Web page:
Toll-like receptors (TLRs) represent an important part of innate immunity, which is the first line of defence against any invasion of the human body. Among the ten-known human TLRs, whose function is to recognise pathogen- and damage-associated molecular patterns (PAMPs and DAMPs), TLR8 belongs to the group of endosomal receptors and recognizes viral ssRNA. Upon activation of these receptors, a cascade reaction is triggered that eventually induces gene expression of pro-inflammatory cytokines. If TLR also recognizes the body’s own molecules, which is a characteristic of some autoimmune diseases (rheumatoid arthritis, systemic lupus erythematosus), it is reasonable to treat the excessive immune response with antagonists.
As a part of this Master’s thesis, using four-step synthetic route, we synthesized 17 final compounds, i.e. new 2-substituted derivatives of 4-(furan-2-yl)-6-(trifluoromethyl) pyrimidine, on the basis of a known TLR8 antagonist, which was previously discovered by virtual screening. The synthesis involved the preparation of a 1,3-dicarbonyl compound, its condensation with S-methylisothiourea to form a pyrimidine ring, the oxidation of sulfide to sulfone, and substitution of selected amine with methylsulfone group at the position 2 of the pyrimidine ring. The identity and purity of the final compounds was confirmed by various analytical techniques. Based on the results of biochemical assays determined for the series of our synthesized compounds new information about TLR8 antagonists’ structure and activity relationship was obtained.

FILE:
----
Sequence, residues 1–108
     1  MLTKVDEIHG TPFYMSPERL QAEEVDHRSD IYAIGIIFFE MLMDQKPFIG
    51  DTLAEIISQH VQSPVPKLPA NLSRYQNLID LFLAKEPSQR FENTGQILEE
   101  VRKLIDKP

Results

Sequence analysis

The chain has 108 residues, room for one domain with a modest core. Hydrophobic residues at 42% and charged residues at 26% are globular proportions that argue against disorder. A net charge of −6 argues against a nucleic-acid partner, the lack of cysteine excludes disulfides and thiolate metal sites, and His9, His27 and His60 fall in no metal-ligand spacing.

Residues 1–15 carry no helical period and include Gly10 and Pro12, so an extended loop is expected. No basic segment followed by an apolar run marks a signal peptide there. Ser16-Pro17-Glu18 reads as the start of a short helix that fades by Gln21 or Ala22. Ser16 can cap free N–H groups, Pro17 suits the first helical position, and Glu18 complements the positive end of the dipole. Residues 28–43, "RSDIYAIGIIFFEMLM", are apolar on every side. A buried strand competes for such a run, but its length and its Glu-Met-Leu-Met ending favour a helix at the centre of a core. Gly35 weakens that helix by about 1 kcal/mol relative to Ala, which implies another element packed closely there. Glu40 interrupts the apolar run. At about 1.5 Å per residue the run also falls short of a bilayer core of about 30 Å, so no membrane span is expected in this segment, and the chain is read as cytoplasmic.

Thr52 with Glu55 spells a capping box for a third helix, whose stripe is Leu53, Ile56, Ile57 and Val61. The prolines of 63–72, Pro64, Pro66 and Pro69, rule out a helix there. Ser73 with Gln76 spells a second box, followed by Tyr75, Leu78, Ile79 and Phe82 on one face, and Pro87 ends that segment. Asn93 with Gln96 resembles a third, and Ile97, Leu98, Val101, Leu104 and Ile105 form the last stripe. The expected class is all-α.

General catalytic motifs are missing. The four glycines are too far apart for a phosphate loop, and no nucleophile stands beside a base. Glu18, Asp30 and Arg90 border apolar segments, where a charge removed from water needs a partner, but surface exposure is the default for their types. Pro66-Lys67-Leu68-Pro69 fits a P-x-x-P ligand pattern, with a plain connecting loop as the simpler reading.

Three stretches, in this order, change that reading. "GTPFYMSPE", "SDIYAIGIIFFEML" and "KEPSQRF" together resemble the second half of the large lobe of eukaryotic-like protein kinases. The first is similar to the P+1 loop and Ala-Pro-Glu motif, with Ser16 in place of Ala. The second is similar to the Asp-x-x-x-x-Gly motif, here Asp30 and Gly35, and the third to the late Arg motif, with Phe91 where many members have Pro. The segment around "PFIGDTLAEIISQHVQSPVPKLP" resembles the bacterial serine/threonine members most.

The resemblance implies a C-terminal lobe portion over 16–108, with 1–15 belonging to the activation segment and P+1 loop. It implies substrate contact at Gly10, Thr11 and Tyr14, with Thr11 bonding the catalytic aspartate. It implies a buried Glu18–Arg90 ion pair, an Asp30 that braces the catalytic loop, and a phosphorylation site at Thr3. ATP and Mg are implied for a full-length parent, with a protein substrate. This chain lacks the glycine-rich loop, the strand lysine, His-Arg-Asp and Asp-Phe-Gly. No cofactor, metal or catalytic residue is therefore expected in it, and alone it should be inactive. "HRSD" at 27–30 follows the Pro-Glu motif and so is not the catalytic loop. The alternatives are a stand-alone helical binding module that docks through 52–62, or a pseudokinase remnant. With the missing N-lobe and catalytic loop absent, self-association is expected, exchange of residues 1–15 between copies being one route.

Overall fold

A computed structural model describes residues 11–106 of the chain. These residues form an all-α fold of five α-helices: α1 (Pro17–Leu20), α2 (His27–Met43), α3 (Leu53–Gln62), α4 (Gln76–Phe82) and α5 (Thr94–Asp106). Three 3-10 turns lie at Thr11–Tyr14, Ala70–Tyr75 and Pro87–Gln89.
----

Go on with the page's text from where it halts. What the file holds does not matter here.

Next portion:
Compound 20 exhibited the most potent antagonist activity. Furthermore, it was found that the hydroxyl group significantly contributes to its potency. In addition, compounds 17-19 also showed weak antagonist activity. All four compounds have in common the substituted benzylamine at position 2, which has a positive effect on the ligand binding due to the possible formation of hydrophobic and π-π interactions.
Compound 20 thus represents a new structural class of TLR8 ligands and an important starting point for further research and development of novel TLR8 antagonists as potential immunosuppressive drugs.